The token binding protocol has been in development for several years and the draft proposal, with contributions from Google, Microsoft and Paypal, is close to being ratified at the IETF (the final editing started in July), and the identity ecosystem is already starting to build on it.

Token binding has been in Windows 10 since 2015, in the Edge browser and in the platform (so any Windows application can take advantage of it), and it’s on by default in Windows Server 2016. Since the 1803 release of Windows 10 (which came out in April 2018), Microsoft has been using it in a feature called Cloud Credential Guard that protects Azure Active Directory credentials, including the ones for Single Sign-On to cloud services that organizations are managing through AAD (which could be anything from Twitter to Box, Salesforce or Google Apps).

Token binding is used for all authentications to Azure using the Web Authentication Manager which underpins the AAD SSO capabilities, Syfuhs told us, so that includes enterprise users signing in to their Windows account, with the keys stored in an isolated VM and the TPM by the Key Guard service. That will soon include any browser connections to Azure AD, like connecting to Office 365 or SharePoint. Token binding also allows for federated identity, and ADFS also supports it.

The developing W3C Web Authentication (WebAuthN) standard for using MFA and passwordless or biometric authentication (like Windows Hello or a Yubikey) will rely on token binding to avoid man in the middle attacks.

Yubico, Ping Identity and Microsoft are contributing to a spec adding token binding support to OpenID Connect and the latest OAuth 2 best practices document recommends using token binding. Government and financial systems that need to meet NIST-800-63C requirements for AAL3 authentication will require something like token binding for identity assurance if they want to user browser authentication rather than a smartcard. Dropbox and Oracle have been looking into using token binding and Gluu’s open source identity and access management system will have token binding support in version 4 (due out in early 2019).

Google started turning token binding on for some of its services like YouTube a couple of years ago, even though it was behind a flag in the Chrome browser (which caused some issues for Edge users when there were bugs in its token binding implementation). But then at the beginning of August, the Chrome team announced that the feature would be deprecated in the next version of the browser and gone altogether in Chrome 71.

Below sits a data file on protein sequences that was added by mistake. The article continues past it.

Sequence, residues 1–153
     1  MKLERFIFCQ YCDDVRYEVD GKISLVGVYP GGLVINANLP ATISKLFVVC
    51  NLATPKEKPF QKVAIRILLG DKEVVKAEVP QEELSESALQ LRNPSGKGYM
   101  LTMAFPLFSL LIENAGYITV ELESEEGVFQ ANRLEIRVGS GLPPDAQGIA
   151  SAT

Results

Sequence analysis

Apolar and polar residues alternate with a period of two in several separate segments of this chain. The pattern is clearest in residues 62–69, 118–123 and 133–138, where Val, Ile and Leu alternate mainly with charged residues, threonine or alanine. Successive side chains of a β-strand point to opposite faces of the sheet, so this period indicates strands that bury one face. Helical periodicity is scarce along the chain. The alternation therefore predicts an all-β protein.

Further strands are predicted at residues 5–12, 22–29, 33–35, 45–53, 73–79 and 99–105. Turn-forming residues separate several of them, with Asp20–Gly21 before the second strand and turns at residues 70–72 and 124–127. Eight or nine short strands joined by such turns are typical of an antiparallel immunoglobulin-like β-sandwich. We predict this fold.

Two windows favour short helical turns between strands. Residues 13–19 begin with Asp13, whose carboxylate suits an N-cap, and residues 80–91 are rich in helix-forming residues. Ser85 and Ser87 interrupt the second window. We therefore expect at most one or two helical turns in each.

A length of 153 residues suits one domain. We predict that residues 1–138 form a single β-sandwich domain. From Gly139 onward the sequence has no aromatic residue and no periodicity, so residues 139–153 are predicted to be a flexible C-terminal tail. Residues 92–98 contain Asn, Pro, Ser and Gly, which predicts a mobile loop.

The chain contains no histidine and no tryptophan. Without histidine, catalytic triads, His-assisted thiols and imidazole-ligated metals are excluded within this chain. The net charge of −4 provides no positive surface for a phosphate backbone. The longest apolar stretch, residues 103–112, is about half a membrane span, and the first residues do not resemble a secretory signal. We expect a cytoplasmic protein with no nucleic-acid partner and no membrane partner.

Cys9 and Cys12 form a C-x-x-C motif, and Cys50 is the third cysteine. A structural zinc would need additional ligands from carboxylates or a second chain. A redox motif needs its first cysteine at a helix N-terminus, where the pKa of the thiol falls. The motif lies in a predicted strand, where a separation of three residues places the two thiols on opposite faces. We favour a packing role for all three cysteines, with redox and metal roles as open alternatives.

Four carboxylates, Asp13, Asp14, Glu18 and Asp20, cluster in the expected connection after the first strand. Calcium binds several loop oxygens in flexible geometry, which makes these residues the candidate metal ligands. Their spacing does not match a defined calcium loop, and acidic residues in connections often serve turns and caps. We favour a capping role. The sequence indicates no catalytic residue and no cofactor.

One reason Google gave for the removal was the lack of interest and adoption. Part of the problem may be the different timescales of web and IETF development since a number of large organizations like Merck, HPE and Oath who’ve been planning to adopt token binding have been waiting for it to become an IETF RFC.

But Google also mentioned “web compatibility risks” which include extensions not working and developer tools breaking. There might be more fundamental issues too, Abbot suggested.

Obviously, adding keys and binding tokens to them is a little more work for clients and servers to perform and it means that the first TLS connection involves an extra round trip. Cookies can’t be shared (a security benefit that developers might view as an inconvenience). Proxies also become problematic; the server can see if the token binding is missing but it won’t be obvious if that’s malicious or just a proxy that’s stripped off the token binding, or the proxy might just break the connection.

“By tying token security (for example, an application or API layer) down to the network layer, any future changes to TLS will impact the application — making foundational changes across OSI layers, as a result, much more difficult in the future,” Abbott told us.

Token binding won’t go away if Chrome doesn’t support it; Microsoft and Yubico are both committed to it and there’s a real need to improve security for tokens (Google was, after all, one of the original contributors to the token binding spec). But developers who were planning to rely on token binding may find this frustrating.

While enterprise developers can specify Edge to get token binding, web developers generally can’t rely on Edge being available. Standards teams, in particular, the WebAuthn group, will have to do a lot of work to find a new solution for securing tokens if there has to be a completely new approach rather than just an update to the token binding protocol to address the compatibility issues Google raises. That means more delay, and a fragmented web platform.

Feature image via Pixabay.